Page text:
Ever see a ref in a football game throw a flag, then consult with the other refs and wave off the penalty? It’s commonly referred to as “picking up the flag.”
Ever see a ref in a football game throw a flag, then consult with the other refs and wave off the penalty? It’s commonly referred to as “picking up the flag.” I thought of that metaphor the other day while reading about environmentally friendly products and the so-called “green penalty.”
The green penalty is shorthand for the concept that environmentally friendly products and systems have some sort of shortcoming when compared to their counterparts, such as a higher cost or diminished performance. That might have been true in the past - and it might still be true in some cases - but more and more green products are touting best-in-class performance as well as being the best option when it comes to lessening impact on the environment.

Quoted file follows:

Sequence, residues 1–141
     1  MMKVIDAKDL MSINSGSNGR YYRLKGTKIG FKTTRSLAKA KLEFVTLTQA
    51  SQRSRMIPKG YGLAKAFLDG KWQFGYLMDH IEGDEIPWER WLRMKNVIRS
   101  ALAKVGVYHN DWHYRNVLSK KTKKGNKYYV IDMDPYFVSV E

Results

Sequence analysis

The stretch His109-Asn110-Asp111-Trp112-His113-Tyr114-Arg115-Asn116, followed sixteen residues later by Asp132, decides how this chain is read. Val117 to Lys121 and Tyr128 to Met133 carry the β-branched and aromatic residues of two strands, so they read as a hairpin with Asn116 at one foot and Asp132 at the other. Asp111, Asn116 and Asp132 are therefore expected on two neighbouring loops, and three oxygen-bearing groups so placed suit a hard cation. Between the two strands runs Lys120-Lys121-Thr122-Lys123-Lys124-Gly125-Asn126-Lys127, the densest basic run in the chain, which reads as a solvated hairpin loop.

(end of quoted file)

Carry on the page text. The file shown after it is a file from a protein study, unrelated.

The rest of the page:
That’s a key trend. Environmental protection is an important factor in purchase decisions, including construction projects. But in a tough economy, it’s easy for some businesses to set those concerns aside. When building owners are squeezing every penny out of their budgets, there can’t be such a thing as a green penalty. Truly sustainable systems have to offer superior performance and the lowest life-cycle costs. That doesn’t necessarily mean a given system has to be the cheapest out of the gate, but it better be the most cost-effective over the life of the system - and you better be able to make that case.
A less-expensive option will end up costing more in the long run if it soon needs to be replaced. And that replacement opens up a whole new set of environmental issues along with a new price tag.